Many years ago, when under hardships, I pandered my "poor me" syndrome. When experiencing sadness, I allowed external influences like "Facebook likes" to define my happiness and self-worth. Time and time again, "bad" things happened, but one day, I realized I went through this scenario various times throughout my life, and I finally put my foot down. It was the same song, just a different beat.
I knew that "bad" times were a cycle, or a brief moment in life. Life goes on and good things will come. God threw countless stones that were pieces of strength that pinged off my aura and inner world.
There is nothing more powerful than overcoming the wallows of your mind and rising above hardship. Those are real-life Warriors. And our true historical warriors, the Vikings, were a civilization that never gave up on their raids no matter how many they failed.
Never Give Up.
As always, inspired by the sun,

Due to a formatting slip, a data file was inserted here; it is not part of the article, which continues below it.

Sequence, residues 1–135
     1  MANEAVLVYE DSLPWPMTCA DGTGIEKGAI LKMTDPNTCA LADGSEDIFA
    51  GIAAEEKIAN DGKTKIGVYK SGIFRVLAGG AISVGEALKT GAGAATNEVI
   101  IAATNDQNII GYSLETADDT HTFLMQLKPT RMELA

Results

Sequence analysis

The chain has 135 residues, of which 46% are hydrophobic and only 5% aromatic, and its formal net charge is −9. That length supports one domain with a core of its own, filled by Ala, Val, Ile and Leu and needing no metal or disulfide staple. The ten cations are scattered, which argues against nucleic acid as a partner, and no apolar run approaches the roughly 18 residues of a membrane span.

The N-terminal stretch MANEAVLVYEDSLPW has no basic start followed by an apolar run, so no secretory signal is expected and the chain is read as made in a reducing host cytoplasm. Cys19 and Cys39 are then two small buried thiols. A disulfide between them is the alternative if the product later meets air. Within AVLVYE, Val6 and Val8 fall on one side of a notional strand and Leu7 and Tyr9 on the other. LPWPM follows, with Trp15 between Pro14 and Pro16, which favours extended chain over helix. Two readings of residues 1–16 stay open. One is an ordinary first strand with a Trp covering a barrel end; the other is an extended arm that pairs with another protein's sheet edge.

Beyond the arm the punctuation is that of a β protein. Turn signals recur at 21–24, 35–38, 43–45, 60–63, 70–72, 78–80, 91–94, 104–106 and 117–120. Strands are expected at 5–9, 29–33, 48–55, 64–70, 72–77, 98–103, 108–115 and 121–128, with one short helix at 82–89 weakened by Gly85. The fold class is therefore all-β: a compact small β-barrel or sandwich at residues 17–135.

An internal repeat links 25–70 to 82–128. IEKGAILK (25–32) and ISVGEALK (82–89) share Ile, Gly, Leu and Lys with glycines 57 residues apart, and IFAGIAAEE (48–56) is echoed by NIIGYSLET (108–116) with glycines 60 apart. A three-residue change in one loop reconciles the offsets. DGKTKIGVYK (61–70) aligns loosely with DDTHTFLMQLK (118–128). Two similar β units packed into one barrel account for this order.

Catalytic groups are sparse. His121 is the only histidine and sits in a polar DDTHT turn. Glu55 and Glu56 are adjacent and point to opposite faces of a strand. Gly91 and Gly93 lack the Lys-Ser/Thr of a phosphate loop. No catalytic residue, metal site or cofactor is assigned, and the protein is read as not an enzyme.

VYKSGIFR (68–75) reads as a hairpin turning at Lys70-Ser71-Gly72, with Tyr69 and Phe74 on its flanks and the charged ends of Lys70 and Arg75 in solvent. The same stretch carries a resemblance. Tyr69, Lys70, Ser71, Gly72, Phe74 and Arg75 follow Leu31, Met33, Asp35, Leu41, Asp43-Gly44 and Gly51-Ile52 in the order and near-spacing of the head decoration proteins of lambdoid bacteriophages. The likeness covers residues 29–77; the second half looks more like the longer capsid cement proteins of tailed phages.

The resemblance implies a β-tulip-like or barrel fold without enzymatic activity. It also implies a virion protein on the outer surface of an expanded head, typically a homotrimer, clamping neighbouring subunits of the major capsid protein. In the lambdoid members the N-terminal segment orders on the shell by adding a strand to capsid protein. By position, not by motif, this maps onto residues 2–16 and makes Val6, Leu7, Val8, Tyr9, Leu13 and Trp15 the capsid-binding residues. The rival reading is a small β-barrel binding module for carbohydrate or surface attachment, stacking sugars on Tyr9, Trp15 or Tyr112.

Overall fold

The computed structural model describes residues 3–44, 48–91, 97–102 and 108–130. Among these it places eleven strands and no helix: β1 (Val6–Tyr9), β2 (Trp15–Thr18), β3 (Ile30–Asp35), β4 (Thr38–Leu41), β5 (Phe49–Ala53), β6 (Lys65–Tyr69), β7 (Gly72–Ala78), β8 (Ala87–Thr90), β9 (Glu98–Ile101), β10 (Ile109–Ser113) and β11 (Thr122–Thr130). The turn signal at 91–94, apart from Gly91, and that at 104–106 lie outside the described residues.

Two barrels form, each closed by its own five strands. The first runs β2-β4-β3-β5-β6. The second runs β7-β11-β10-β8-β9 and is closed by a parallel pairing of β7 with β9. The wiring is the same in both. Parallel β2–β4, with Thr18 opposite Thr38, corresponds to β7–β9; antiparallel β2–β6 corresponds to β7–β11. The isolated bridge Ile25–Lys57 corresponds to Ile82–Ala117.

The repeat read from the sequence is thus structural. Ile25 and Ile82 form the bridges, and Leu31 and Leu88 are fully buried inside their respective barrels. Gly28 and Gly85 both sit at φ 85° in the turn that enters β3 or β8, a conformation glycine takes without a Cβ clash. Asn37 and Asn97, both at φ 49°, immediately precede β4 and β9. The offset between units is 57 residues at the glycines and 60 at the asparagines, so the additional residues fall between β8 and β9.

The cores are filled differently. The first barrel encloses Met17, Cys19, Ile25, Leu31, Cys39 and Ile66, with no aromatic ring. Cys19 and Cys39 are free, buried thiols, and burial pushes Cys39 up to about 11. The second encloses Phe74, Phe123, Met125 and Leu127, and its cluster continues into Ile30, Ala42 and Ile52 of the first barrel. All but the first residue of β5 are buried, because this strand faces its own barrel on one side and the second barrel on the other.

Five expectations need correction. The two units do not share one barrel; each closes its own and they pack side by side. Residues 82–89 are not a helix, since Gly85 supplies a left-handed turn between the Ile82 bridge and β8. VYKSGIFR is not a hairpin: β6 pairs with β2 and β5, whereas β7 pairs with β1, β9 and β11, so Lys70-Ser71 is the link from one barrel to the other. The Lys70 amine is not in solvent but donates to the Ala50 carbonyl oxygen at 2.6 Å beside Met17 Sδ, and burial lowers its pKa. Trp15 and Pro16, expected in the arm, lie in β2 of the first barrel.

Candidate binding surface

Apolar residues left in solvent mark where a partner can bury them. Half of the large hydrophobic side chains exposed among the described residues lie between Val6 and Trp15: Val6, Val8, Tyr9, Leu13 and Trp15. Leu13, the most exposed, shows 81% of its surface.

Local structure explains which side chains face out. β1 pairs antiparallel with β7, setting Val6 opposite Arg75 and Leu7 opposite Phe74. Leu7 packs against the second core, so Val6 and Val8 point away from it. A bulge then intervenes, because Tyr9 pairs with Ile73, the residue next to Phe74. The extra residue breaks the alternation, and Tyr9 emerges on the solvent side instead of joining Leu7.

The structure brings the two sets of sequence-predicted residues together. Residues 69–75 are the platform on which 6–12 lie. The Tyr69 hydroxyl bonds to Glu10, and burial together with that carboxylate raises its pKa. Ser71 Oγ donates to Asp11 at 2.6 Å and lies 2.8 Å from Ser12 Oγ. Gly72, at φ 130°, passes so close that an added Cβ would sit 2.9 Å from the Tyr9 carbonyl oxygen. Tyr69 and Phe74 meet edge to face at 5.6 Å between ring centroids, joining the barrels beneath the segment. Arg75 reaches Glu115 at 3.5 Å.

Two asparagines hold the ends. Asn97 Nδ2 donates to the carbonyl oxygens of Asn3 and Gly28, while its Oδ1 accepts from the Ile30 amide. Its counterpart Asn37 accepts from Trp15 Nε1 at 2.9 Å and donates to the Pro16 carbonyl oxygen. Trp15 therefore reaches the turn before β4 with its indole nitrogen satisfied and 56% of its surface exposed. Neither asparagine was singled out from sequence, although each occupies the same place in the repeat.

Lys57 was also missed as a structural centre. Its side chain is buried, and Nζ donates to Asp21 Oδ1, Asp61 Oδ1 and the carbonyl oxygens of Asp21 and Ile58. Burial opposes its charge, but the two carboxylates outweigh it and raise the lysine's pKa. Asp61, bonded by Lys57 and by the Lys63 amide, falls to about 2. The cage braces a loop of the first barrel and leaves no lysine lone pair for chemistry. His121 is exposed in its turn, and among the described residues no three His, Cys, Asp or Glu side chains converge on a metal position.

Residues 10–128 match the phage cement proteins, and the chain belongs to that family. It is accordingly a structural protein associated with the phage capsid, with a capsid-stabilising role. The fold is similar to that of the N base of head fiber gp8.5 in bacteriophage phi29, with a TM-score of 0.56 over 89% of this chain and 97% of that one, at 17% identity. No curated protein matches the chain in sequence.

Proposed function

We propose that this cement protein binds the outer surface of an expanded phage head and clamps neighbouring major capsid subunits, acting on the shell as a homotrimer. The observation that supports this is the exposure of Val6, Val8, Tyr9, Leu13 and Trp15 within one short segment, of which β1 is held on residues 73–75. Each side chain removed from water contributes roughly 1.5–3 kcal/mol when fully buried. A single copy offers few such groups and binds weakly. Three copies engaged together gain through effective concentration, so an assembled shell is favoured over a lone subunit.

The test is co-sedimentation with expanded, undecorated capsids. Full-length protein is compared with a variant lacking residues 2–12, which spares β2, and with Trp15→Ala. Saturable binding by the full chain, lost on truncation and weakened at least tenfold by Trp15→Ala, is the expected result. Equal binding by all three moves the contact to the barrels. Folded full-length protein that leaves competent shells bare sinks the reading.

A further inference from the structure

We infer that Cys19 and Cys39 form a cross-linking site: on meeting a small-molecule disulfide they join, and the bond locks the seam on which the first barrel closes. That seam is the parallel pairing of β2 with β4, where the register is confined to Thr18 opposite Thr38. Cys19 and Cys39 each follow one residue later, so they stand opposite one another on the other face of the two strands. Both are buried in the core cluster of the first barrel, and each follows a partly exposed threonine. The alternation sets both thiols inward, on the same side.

Join Mind Body Soul Food Every Sunday for some inspiration -Sunspiration. Inspiration Every Sunday in 150 Words or Less. Get inspired everyday with our Instagram account, sunspiration_everyday with inspirational quotes, motivational messages & sweet nothings.
Slow Cooker Vegane Grünkohl & Wurst Recipe & Tour: A Northern German Tradition that Celebrates Kale
Oh Germany. Where has time gone? I can't believe I've been home from living in Germany for 13 months now. It still feels like yesterday.
February is one of my favorite months. Maybe it's because of mine and Charles Dickens birthday, and I love my zodiac sign, Aquarius, but some of the most brilliant minds and artists have been born in Feburary: Abe Lincoln. George Washington, Bob Marley, Nicholas Copernicus, Laura Ingells Wilders, Johnny Cash and more!
While living in Germany, we experienced something called a Grünkohlfahrt near the end of February. Kohl means, “cabbage.” Grünkohl, directly translated, means, “green cabbage,” but Americans know it as kale. Fahrt means “ride or tour.”
It's a dying Northern German tradition, but today, I want to keep that spirit alive. A green cabbage tour is simply a day spent wandering in the forest with friends, drinking, eating and playing games. The leader of the pack pit stops the wagon for a shot of schnapps and a quick stop for a snack.